Clive Lloyd scored a brilliant 102 in the final against Australia as West Indies won the 1975 World Cup final by 17 runs to win the title for the first time. (Image credit: Twitter)
The 1970s was an interesting time for cricket. In 1971, the first ODI was played between Australia and England at the Melbourne Cricket Ground and it gave birth to a popular format. A further 18 games were played before the International Cricket Council (ICC) decided to host the first World Cup in 1975. Prudential was the sponsors and thus it was called the Prudential World Cup with the West Indies, Australia, New Zealand, England, India and Pakistan being the full members. East Africa and Sri Lanka were the associates and they were invited to make this an eight-team tournament.
West Indies and England dominated the league stages while for India, it was a poor tournament. In their game against England, Sunil Gavaskar’s 174-ball 36 resulted in massive disapproval. They only registered a win against East Africa but they failed to reach the knock-out stages. Australia’s pace battery ensured they reached the semi-finals but they were equally matched by the allround brilliance of the West Indies. The four teams reaching the semi-final were Australia, England, New Zealand and West Indies.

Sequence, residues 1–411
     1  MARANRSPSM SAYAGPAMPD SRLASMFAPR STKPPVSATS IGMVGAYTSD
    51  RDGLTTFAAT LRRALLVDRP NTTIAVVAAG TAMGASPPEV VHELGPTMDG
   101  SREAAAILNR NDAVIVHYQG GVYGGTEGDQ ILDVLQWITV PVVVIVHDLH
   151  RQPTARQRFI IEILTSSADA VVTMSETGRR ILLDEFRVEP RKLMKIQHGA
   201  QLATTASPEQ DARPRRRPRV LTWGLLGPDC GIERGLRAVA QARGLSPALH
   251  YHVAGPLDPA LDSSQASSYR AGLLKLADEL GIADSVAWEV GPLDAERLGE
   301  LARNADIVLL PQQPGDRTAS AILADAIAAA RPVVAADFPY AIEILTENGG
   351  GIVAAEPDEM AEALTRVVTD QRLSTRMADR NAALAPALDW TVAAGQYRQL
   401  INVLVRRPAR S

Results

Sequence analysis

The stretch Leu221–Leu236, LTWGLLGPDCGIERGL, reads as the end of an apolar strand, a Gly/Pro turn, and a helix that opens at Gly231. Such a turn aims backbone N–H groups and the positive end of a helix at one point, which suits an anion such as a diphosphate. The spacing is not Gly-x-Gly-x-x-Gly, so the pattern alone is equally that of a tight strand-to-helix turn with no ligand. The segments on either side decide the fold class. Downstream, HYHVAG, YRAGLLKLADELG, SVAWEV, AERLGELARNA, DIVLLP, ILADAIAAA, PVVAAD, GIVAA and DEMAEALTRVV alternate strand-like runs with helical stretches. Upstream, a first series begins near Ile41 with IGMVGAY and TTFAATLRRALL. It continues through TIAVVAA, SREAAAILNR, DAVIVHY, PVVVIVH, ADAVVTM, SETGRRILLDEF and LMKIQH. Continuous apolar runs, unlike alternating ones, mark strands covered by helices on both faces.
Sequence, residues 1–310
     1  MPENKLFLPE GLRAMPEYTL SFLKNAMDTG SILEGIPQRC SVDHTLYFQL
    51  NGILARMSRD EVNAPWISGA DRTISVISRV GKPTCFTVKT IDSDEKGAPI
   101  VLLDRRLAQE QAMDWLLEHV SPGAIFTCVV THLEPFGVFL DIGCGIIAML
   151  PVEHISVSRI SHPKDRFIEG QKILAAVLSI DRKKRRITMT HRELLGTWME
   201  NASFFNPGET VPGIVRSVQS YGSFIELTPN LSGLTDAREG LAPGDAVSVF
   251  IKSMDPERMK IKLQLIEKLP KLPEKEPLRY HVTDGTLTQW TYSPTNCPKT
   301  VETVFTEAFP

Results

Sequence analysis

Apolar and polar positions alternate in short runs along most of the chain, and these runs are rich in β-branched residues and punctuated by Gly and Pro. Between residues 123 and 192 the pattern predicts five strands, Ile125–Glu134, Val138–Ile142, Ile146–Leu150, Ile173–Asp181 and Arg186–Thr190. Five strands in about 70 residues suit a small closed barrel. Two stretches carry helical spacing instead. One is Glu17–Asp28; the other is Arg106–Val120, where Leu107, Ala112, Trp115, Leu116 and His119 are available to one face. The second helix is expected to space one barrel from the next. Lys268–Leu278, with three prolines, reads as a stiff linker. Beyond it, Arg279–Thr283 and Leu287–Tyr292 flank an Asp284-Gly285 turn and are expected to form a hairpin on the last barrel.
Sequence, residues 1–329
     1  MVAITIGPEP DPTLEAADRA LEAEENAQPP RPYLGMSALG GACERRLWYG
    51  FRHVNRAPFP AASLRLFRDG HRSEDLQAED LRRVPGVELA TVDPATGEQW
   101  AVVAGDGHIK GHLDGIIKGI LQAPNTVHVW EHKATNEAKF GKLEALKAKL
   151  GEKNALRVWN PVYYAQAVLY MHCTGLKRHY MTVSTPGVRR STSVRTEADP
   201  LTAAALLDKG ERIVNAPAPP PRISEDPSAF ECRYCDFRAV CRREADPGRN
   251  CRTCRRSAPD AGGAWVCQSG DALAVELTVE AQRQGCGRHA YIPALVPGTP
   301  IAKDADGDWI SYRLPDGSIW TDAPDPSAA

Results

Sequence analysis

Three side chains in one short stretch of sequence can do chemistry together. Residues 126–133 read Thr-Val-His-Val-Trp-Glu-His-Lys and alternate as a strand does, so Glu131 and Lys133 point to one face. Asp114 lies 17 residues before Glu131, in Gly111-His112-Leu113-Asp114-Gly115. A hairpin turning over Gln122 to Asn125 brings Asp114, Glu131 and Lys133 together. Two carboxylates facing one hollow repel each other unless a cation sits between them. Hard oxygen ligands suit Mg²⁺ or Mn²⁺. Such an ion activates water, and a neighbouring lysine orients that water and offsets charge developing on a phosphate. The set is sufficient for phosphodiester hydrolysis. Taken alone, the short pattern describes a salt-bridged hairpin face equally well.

In the first semi-final, Australia bowled out England for 93 with Gary Gilmour taking 6/14. However, Australia collapsed to 39/6 and it took Gilmour’s brilliant, unbeaten 28 to help them reach the final with a three-wicket win. West Indies joined Australia in the final with a convincing five-wicket win over New Zealand. In the summit clash at Lord’s, Clive Lloyd led from the front with a blazing 102 as West Indies reached 291/5. Gilmour was the star again for Australia with 5/48. Ian Chappell kept Australia in the hunt with 62 but West Indies struck at regular intervals with five Australian batsmen getting run-out.
West Indies won by 17 runs and laid a base for a decade of dominance, punctuated by aggressive batsmen and intimidating fast bowlers.
Most runs: Glenn Turner of New Zealand. Runs 333. Average: 166.5
Most wickets: Gary Gilmour of Australia. Wickets 11. Average: 5.63